Turkish agronomist teaching farming to Malawians at hunger risk

Turkish agronomist teaching farming to Malawians at hunger risk

Turkish agronomist teaching farming to Malawians at hunger risk

Within the scope of a project aimed to train farming practices to African villagers at risk of starvation, a Turkish agronomist has been spending days in Malawi teaching the locals what to plant to feed themselves.

“You know the famous saying, ‘Give a man a fish and you feed him for a day. Teach a man to fish, you feed him for a lifetime.’ This is what we do,” Merve Gülistan Aydın, an agronomist, told the daily Hürriyet on Jan. 11.

The name of the project that took Aydın to the southeastern African country is “The nature at my heart,” conducted by the “Dreams of Children Foundation.”

She has been teaching about sustainable agricultural practices to dozens of villagers in the country’s rural zones facing hunger risk for a month now.

“I came here upon the invitation from the foundation’s founder, Mahmut Ensari Caymaz. We are setting orchards with our African friends,” she noted.

Born in 1991, Aydın studied organic agriculture at Gaziosmanpaşa University in the Black Sea province of Tokat. Working in Turkey’s first and only biodynamics farm, she consulted many firms and individuals across the country interested in farming for years.

However, people recognized her for her charity works and efforts in natural catastrophe regions. In February 2020, she gained fame for her efforts to save animals stuck under the debris of buildings that collapsed after an earthquake in her hometown, the eastern province of Elazığ.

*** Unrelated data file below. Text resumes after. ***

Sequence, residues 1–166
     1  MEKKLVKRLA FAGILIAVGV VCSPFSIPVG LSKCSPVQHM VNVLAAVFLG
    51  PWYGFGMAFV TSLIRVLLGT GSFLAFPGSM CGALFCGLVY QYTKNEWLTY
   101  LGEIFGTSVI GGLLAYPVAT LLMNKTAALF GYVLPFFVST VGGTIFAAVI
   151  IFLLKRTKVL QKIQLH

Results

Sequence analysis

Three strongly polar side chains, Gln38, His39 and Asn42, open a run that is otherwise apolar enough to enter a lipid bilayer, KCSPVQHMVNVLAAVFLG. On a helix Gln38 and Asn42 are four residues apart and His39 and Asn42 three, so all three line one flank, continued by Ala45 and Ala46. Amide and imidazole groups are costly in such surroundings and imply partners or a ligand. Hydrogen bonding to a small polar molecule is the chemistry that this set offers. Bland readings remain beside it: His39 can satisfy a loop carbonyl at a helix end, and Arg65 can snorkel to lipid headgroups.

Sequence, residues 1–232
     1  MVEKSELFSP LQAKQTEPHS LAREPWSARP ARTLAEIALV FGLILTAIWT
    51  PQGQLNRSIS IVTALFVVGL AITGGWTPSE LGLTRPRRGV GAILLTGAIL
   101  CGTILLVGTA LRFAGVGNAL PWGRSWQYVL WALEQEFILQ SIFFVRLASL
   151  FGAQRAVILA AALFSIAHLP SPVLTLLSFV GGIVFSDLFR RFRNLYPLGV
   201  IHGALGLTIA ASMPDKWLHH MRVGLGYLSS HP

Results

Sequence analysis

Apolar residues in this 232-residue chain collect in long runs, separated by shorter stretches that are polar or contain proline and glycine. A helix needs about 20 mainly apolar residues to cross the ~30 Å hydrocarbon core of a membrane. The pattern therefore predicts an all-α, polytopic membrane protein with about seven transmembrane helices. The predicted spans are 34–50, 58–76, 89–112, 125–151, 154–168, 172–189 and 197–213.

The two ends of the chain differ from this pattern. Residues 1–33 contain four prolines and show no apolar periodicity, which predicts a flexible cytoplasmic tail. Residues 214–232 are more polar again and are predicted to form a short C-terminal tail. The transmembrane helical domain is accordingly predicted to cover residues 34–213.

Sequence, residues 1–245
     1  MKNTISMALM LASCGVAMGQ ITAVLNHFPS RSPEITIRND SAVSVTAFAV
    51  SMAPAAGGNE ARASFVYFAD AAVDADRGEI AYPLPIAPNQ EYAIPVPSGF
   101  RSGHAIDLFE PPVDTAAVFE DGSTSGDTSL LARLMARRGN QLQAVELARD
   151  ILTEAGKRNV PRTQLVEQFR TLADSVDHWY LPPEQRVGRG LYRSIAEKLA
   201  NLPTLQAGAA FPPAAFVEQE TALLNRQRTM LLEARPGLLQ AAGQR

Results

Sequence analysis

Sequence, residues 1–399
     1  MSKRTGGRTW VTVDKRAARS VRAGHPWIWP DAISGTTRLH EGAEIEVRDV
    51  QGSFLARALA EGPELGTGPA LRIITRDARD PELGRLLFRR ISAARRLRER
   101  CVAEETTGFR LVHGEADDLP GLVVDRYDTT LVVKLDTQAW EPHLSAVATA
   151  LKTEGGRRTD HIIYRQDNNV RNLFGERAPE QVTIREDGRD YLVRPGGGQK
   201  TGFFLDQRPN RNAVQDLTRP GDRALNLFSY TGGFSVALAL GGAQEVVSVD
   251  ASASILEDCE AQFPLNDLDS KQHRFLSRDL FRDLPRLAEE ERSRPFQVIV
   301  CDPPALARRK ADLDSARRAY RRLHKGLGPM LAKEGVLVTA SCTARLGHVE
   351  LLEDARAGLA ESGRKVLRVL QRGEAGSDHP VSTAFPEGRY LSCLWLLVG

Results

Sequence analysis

“Apart from planting, we also have a ‘milk goat project.’ The Malawian families get milk from animals and are learning to make dairy products,” she said.

She also thanked all the people who donated saplings to the Malawian people once she announced the project on her social media accounts.

“As soon as I made the announcement, a load of donations was made. With the help of the donors, we planted some 1,200 saplings of lemon, orange and mango in two Malawian villages,” she said. “We then wrote the names of the donors on the saplings and published the photos of them on social media.”

It is quite heartwarming to see new donors waiting in line, Aydın added.

Caymaz, who has been in the African country for the last six months, is proud to host Aydın in Malawi. “We gave agricultural training to adults and taught botanical education to children.”

He called the orchards he has set up with Aydın an “ecological school.”